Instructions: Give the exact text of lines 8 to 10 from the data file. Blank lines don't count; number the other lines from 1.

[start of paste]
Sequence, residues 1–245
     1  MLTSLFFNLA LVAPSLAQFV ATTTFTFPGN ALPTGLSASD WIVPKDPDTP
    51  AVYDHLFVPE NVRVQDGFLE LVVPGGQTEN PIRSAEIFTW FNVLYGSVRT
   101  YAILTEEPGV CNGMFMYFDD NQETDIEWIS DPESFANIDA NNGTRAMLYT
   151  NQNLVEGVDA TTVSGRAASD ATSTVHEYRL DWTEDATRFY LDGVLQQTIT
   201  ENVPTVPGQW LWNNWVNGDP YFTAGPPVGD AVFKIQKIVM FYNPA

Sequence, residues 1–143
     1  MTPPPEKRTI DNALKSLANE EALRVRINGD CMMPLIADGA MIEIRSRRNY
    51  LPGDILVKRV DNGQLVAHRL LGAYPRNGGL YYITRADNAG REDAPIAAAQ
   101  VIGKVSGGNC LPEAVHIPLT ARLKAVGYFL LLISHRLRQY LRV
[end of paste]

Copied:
     1  MTPPPEKRTI DNALKSLANE EALRVRINGD CMMPLIADGA MIEIRSRRNY
    51  LPGDILVKRV DNGQLVAHRL LGAYPRNGGL YYITRADNAG REDAPIAAAQ
   101  VIGKVSGGNC LPEAVHIPLT ARLKAVGYFL LLISHRLRQY LRV